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D&H Auto Parts, Inc. v. Ford Marketing Corp., 57 F.R.D. 548 (E.D.N.Y. 1973).

Factual Background[]

D&H sued the defendant for violation of the Robinson-Patman and Clayton Acts, claiming that Ford granted extra discounts to other distributors and denied them to plaintiff. The complaint also contained a cause of action for breach of contract. The defendant counterclaimed for damages on the theory that D&H sought excessive discounts.

Trial Court Proceedings[]

In support of its counterclaim, defendant offered into evidence computer printouts of the amounts claimed as discounts, and the amount of sales. The trial court held for the defendant. Plaintiff moved to set aside the verdict, claiming as error admission of the printouts.

The court reviewed the printouts to determine if they met the standards of the business records exception to the hearsay rule. The court first noted that the computer records were prepared each month in the regular course of business, and not merely for the purpose of litigation. Additionally, though the plaintiff objected to the evidence, it failed to point to any specific inaccuracy in the data.[1] Finally, since the defendant's witness, the head of accounting, gave sufficient testimony as to the nature of the data, Ford was not required to produce experts on data processing.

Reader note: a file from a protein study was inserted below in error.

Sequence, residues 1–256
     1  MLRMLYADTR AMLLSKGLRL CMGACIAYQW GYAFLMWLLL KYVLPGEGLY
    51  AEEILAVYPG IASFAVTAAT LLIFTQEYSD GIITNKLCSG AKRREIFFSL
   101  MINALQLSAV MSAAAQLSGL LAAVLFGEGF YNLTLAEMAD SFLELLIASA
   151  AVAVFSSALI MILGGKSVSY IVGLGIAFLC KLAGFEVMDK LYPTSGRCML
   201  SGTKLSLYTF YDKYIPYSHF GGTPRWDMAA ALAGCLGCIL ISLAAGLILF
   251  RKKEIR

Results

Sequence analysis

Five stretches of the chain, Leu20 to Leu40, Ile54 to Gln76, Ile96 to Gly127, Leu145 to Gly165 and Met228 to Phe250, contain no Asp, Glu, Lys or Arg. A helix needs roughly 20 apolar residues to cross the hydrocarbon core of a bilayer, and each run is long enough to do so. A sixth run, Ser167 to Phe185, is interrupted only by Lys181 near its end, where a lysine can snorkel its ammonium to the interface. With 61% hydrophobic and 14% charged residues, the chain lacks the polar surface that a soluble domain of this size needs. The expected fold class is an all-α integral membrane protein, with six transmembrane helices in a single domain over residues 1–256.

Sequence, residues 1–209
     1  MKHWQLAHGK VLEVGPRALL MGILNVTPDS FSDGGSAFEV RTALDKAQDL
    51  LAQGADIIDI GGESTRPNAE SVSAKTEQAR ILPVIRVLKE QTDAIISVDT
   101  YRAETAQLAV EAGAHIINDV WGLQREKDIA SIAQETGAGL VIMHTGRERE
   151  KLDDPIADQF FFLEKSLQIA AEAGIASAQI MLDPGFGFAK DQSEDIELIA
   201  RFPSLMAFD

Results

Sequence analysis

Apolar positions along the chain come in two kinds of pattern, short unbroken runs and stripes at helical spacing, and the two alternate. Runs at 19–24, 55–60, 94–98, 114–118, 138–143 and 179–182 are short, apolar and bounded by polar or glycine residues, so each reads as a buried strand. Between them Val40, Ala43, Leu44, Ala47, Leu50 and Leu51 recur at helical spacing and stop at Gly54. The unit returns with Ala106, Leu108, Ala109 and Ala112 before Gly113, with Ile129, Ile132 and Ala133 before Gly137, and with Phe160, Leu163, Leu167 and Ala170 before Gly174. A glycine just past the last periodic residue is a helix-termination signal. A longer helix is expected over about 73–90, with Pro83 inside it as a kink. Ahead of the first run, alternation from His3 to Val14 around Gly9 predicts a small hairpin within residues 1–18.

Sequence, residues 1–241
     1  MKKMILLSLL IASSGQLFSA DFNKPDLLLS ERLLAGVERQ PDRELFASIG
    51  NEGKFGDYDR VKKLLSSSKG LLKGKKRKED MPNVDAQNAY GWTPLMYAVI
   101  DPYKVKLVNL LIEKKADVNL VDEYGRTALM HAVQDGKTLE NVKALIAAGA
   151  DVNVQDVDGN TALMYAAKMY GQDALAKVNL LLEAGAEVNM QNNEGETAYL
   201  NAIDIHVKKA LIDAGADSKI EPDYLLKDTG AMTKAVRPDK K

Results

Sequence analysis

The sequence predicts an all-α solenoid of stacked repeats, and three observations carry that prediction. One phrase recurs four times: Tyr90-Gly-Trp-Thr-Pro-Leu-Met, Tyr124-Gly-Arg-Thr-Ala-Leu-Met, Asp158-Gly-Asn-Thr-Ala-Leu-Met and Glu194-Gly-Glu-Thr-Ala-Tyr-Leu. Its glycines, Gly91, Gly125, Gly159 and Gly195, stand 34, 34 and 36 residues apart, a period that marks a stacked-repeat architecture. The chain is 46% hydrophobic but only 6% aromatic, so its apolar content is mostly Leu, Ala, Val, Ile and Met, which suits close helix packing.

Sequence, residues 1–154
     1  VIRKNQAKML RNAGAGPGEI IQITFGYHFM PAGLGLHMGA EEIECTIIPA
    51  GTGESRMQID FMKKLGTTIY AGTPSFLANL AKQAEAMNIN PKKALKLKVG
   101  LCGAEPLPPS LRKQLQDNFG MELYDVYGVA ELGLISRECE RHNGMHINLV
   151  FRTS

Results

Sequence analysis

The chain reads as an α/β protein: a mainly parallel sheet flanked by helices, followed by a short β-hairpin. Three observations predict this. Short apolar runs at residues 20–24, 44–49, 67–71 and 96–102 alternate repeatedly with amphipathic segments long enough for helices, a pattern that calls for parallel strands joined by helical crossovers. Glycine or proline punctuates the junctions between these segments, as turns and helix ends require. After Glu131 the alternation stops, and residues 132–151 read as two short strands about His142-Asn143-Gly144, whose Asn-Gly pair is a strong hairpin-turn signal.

1. The court cited Olympic Ins. Co. v. Harrison, Inc., 418 F.2d 669 (5th Cir. 1969)(full-text), for the proposition that a party must object to a specific error, and not to a general inaccuracy.